Defensive driving

From Academic Kids

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The two-second rule tells a defensive driver the minimum distance to avoid collision in ideal driving conditions. The red car's driver picks a tree to judge a two-second safety buffer.

Advanced Driving or also known as Defensive driving is a more advanced form of training that motor vehicle drivers can take, over and above the mastery of the rules of the road, and the basic mechanics of driving. Its aim is to reduce the risk of driving by proactively avoiding dangerous situations, despite adverse conditions and/or the incorrect actions of others. This can be achieved through adherence to a variety of general purpose rules, as well as the practice of specific driving techniques.


Before you drive

  • Check tire pressure.
  • Check oil and water levels before taking long trips.
  • Check mirrors, seat and steering wheel are suitably positioned.
  • Ensure seatbelts and safety restraints are securely fastened for all occupants.
  • Indicate and check for traffic before moving away from the road shoulder.

See and be seen

  • Purchase light colored (white, yellow, or silver) vehicles. They are also cooler in summer!
  • Use headlights at all times, even during the day.
  • Keep windows clean, especially when driving at night.
  • Adjust rear-view mirrors correctly.
  • Keep your distance when driving behind large vehicles, to keep your line of sight clear.
  • Keep windows clear and transparent. Avoid tinting, stick-on toys, light shades, dangling fuzzy cubes, and the like.
  • Do not drive in the blind spot of other vehicles.
  • Use your indicators in heavy fog.
  • Switch on hazard warning lights in situations necessary to alert other drivers to slow down and take extra care, e.g. at the scene of an accident.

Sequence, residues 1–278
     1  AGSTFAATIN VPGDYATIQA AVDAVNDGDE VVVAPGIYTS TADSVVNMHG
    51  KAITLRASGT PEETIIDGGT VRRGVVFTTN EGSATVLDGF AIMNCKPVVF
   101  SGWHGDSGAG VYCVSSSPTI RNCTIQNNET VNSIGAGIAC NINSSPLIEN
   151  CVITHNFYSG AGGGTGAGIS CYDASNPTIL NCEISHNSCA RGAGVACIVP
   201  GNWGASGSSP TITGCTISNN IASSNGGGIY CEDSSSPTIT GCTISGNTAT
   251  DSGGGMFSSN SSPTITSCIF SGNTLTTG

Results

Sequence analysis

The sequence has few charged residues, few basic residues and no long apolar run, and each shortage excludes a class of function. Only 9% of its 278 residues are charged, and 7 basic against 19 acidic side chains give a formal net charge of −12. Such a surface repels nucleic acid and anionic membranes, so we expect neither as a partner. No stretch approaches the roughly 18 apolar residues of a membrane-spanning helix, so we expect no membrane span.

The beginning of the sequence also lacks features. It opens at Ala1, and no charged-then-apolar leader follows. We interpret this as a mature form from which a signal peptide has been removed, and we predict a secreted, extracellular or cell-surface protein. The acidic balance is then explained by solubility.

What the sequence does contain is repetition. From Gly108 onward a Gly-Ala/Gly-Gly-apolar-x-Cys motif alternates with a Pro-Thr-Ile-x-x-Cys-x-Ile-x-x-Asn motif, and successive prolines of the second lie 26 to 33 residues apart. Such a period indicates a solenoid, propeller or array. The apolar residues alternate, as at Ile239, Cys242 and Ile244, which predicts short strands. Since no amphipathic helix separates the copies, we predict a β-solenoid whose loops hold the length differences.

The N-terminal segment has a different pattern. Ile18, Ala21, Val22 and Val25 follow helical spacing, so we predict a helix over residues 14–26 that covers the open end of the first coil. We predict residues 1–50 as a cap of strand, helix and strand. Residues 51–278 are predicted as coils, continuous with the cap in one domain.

Maintain an exit route

  • Keep the space on either side of your car free.
  • Drive in the outer lane on freeways. In case of a problem, you won't have to cross a lane of traffic to get to the breakdown lane.
  • Keep wheels straight when waiting to turn across oncoming traffic. If your car is rear-ended, it won't be pushed into the opposite lane.

Avoid danger

  • Do not drive next to large vehicles longer than necessary. The driver may not see you, and a turning truck can suddenly cut off all exit routes.
  • Maintain a three second following distance behind other vehicles. Increase that to five seconds in fog, rain, or other adverse conditions. It takes most people at least half a second to react to an emergency condition. Following a car closer than one second effectively guarantees an accident if the leading car brakes unexpectedly.
  • Conversely, change lanes or pull over if tailgated. If that is not possible, slow down, and / or maintain extra distance to the car in front, to allow for both yourself and the tailgater to stop safely.
  • Avoid visibly damaged or defective cars. A history of accidents indicates that the owner has poor driving skills.
  • Cars that weave, do not stay in lane, or brake too late at intersections may be driven by intoxicated or distracted drivers and should be avoided.

See also


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